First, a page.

The family man: Angelo Vangelopoulos (Food & Drink Annual 2013)


Photo: Jackson Smith Photo: Jackson Smith

Every Easter, chefs, purveyors, foodies, and friends gather for a massive celebration of food and wine centered around the distinctly Greek ritual of roasting a goat outdoors on a spit. Started in 2010, it is now the largest annual gathering of Charlottesville’s food family, and its host is the family’s patriarch, Angelo Vangelopoulos, chef-owner of the Ivy Inn.

Vangelopoulos’ family roots run deep, having grown up working in his parents’ Greek-flavored pizzerias in Northern Virginia. After graduating from the Culinary Institute of America in 1990, his experiences at two very different restaurants taught him  a lesson that stayed with him. Staff turnover at one was constant, while the staff at the other stayed for decades. The difference, he observed, was that one restaurant had a sense of family, cemented by things like a daily staff meal, where everyone, from the laundry ladies to the busboys, would gather for a chef-prepared meal before the restaurant opened. At the other, by contrast, “every decision was about the health of the business, not the health of the staff.”

In 1995, while working at the renowned Washington, D.C. restaurant Galileo, Vangelopoulos decided it was time to do something he had always wanted to do: open a restaurant with his parents. Finding no good sites in Northern Virginia, the family broadened their search and came upon an ad for a historic restaurant in Charlottesville. Although Vangelopoulos had never set foot here, he fell hard for the Ivy Inn.

“The first time I walked down that walkway, I knew I was home,” he said.

So, he and his future wife, Farrell, picked up and moved to a town they knew almost nothing about to take over the inn. Eighteen years later, Vangelopoulos knows he made the right decision. Bucking the downscale trend many restaurants have followed in recent years, Ivy Inn has proved it’s still possible to succeed under what he calls the “old school” approach: Take care of your guests from the moment they arrive until the moment they leave.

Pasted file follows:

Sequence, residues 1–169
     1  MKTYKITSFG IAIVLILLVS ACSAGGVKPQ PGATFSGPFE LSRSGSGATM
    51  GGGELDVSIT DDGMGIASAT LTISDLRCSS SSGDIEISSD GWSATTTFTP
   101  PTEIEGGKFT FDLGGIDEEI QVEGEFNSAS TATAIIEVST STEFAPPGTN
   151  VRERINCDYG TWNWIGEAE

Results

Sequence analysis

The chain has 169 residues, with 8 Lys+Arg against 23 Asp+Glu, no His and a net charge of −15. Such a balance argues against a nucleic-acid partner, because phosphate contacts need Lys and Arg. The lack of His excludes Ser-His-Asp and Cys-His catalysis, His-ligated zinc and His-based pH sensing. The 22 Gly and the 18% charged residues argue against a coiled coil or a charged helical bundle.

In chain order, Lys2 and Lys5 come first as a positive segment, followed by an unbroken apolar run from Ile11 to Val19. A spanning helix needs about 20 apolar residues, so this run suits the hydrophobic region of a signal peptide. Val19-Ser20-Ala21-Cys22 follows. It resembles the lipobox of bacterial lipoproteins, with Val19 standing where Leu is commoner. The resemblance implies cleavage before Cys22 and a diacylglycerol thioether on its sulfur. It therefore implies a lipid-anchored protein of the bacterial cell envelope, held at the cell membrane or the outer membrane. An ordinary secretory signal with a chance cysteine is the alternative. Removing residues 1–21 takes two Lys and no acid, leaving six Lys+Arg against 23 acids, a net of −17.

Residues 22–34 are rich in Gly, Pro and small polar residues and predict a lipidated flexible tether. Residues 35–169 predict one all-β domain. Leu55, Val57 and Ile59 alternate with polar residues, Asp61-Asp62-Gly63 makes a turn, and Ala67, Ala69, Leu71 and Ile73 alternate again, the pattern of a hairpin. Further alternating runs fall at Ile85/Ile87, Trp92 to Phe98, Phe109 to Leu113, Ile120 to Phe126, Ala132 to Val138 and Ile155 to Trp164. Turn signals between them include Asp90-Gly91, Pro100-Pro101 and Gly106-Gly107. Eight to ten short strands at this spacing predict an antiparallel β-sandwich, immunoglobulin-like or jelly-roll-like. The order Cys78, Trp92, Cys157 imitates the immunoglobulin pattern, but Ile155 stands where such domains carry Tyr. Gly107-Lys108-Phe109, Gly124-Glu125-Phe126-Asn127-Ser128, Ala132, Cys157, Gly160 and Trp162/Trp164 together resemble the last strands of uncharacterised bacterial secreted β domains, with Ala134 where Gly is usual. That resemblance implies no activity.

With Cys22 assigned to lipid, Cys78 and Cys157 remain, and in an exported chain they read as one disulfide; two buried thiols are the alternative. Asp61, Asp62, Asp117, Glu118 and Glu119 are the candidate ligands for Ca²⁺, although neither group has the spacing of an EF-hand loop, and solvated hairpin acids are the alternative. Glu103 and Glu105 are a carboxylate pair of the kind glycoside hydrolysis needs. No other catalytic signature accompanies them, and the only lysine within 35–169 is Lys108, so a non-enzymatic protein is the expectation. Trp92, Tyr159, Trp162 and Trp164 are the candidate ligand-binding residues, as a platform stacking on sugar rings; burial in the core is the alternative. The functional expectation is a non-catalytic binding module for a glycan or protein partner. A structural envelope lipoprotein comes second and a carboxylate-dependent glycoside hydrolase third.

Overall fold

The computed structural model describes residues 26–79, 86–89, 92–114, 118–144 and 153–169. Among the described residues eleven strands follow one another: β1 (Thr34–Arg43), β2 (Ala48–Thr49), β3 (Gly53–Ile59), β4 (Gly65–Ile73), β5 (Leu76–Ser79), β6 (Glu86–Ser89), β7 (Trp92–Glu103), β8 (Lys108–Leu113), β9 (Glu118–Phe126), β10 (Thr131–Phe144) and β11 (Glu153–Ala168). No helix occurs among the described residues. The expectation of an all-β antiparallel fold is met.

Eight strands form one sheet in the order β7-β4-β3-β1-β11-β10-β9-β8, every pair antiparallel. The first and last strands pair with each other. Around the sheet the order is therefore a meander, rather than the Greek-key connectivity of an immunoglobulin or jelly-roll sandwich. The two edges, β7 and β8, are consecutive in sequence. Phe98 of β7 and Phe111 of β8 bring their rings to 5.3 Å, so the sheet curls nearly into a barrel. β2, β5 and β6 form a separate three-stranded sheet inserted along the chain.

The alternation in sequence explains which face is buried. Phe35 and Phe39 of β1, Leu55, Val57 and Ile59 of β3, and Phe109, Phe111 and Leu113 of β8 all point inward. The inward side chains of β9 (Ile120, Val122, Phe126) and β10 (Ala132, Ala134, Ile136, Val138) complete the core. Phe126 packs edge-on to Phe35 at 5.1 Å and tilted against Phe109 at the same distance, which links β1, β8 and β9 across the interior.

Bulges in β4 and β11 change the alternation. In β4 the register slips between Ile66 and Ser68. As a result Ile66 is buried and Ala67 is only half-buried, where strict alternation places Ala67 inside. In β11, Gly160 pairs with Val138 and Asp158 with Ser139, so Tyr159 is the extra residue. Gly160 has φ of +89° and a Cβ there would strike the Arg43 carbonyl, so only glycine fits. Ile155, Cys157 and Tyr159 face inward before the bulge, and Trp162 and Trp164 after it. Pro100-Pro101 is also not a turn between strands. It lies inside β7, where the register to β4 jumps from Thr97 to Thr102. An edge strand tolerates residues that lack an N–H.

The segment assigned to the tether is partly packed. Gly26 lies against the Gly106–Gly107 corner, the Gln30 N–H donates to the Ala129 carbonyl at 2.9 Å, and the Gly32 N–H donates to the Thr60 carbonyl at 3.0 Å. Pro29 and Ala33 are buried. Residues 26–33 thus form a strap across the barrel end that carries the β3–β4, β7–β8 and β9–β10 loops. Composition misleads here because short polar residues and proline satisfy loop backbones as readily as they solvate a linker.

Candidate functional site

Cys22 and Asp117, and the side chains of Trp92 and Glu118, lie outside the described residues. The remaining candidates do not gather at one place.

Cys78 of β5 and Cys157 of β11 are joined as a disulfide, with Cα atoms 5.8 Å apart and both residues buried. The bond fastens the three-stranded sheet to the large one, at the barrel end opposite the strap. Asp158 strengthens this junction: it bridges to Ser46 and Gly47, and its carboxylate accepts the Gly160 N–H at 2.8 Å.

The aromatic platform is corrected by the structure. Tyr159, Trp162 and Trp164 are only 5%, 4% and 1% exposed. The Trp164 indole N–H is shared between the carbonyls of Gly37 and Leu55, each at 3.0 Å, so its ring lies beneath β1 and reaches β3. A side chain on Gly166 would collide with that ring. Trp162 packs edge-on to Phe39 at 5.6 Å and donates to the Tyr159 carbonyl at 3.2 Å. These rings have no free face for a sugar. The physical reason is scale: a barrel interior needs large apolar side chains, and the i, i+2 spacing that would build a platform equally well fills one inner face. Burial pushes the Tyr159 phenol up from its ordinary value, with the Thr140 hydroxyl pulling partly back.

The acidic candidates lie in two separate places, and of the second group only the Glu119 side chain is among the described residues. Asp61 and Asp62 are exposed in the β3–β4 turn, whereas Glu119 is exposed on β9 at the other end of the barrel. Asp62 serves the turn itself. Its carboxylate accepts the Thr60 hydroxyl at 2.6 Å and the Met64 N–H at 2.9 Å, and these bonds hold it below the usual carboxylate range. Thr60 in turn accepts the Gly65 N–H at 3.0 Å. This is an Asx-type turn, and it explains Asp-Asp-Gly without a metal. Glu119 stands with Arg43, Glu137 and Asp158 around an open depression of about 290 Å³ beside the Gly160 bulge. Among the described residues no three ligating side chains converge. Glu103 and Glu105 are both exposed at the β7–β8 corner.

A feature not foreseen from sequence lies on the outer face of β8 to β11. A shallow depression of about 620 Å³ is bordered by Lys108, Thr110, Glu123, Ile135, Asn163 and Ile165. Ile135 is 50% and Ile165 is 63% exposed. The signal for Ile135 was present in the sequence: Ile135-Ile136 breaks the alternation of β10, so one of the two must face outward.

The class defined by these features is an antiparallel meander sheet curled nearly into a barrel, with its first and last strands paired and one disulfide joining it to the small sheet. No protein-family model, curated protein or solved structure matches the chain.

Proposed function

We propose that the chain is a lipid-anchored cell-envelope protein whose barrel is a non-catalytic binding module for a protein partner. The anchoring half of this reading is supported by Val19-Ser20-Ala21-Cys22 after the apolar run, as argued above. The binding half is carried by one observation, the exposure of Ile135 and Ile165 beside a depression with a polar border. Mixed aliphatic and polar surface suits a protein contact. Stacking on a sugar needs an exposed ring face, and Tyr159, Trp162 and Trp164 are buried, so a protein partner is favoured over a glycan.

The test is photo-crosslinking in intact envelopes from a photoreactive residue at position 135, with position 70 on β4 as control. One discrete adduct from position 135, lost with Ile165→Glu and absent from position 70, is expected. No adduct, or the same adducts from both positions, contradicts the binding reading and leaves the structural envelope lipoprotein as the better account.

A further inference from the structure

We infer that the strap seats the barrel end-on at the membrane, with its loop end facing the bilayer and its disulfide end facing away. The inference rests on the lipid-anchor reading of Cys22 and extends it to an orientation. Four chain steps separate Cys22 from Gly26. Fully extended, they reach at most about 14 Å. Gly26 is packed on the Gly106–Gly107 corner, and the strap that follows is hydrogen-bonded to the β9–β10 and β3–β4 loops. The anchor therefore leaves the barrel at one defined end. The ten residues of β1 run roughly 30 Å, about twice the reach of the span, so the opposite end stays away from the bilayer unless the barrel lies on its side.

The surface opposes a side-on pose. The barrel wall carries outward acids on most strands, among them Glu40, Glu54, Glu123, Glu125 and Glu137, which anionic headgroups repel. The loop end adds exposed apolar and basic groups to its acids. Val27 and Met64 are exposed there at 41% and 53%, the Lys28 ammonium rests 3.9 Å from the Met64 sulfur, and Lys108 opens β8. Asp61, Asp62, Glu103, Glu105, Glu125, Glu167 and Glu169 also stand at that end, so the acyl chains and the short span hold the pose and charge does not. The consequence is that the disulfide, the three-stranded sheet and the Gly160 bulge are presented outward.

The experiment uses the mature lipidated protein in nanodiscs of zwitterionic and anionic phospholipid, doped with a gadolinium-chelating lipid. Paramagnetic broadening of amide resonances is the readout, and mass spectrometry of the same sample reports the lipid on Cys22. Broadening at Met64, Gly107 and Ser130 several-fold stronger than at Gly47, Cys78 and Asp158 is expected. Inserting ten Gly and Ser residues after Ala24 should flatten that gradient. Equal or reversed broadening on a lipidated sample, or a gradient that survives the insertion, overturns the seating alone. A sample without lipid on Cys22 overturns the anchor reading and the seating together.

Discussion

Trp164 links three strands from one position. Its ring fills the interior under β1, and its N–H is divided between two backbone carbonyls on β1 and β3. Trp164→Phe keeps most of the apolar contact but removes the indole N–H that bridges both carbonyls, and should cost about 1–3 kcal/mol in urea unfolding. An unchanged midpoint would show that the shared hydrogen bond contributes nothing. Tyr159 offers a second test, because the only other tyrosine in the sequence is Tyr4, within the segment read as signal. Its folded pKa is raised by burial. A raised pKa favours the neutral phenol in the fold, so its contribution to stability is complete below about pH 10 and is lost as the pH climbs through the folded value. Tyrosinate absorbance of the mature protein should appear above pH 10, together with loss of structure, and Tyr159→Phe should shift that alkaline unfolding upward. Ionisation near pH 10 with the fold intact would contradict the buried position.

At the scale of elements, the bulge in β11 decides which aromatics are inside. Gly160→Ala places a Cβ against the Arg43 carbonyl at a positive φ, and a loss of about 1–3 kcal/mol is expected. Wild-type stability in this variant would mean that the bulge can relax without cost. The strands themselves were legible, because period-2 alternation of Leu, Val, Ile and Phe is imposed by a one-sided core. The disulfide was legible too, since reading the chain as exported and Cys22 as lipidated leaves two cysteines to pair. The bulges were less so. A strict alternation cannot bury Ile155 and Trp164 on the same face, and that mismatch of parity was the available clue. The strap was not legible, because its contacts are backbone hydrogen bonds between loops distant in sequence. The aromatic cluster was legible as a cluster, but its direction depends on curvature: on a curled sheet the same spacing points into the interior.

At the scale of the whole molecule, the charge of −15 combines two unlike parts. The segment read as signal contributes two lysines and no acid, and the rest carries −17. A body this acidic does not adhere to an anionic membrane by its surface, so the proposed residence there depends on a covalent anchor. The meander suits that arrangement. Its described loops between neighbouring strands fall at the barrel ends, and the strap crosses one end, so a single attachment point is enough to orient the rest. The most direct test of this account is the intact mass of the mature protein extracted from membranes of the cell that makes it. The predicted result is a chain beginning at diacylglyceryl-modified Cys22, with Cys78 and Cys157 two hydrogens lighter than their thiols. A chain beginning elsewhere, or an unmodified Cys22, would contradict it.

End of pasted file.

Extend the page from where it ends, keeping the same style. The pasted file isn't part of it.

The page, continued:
In the kitchen, Vangelopoulos likewise foregoes fads in favor of food that is squarely grounded in French classical tradition, showcasing the region’s produce. Now 43, Vangelopoulos is beloved throughout the Charlottesville food family. Fellow Mount Rushmore chef Craig Hartman calls Ivy Inn the backbone of Charlottesville fine dining. Maya’s star chef Christian Kelly, among others, calls Vangelopoulos “the best chef in Charlottesville.” And, food purveyors gush not just about his talent but also his leadership and “huge heart.”

All the while, family has been central. It’s not just that he runs the restaurant with his wife or that his sous chef is his brother-in-law. It’s also the sense of family he has built among his staff by treating them right. His now-famous Easter party started because he wanted to make sure his staff had a celebration of their own after toiling through Ivy Inn’s brunch.

And, there is one more endearing way in which Vangelopoulos, who has one son, embraces family: Asked how he wants to be remembered, he did not hesitate. “I want to be the chef that made it to all of his kid’s soccer games,” he said.

To read about Angelo’s pick for Charlottesville’s Rising Star, click here!


Angelo’s menu favorite

“Grilled Rag Mountain trout, grits cake, bacon butter sauce. This dish appears in many different forms throughout the year, with the vegetable accompaniments being seasonally changed and updated. Ellen Snyder, our local ‘trout lady,’ has been supplying us and several other Charlottesville restaurants with her super fresh and delicious trout that are raised in stream beds along the Shenandoah National Forest in Zepp, Virginia. And nevermind her amazing smoked trout, because she can’t sell it to you anyway! White Hall Vineyards Viognier is a nice, well-rounded wine that matches the fish, grits, and smoky bacon.”


Chef’s choice

Sandwich: Moroccan wrap at Aromas Cafe

DessertSticky toffee pudding at C&O

Virginia wine: Ankida Ridge Pinot Noir

Pizza: The Jack London at Dr. Ho’s Humble Pie

Taco: Lengua at El Tepeyac

Burger: Double with cheese and bacon at Riverside Lunch

Cocktail: Maya’s peach flame

Virginia beer: Devils Backbone Vienna Lager

Breakfast: Cafe Cubano, chorizo potatoes with tomatillo sauce

Guilty pleasure: Ben & Jerry’s Mint Chocolate Cookie ice cream

Hangover food: The College Inn’s steak and cheese with fries

Appetizer: Orzo’s mussels with feta, loukaniko, and ouzo

Bodo’s order: Everything bagel, veggie cream cheese, sprouts, and onions

Local ingredient: The Rock Barn “barn dogs,” my favorite Ivy Inn staff meal

Posted In:     Living


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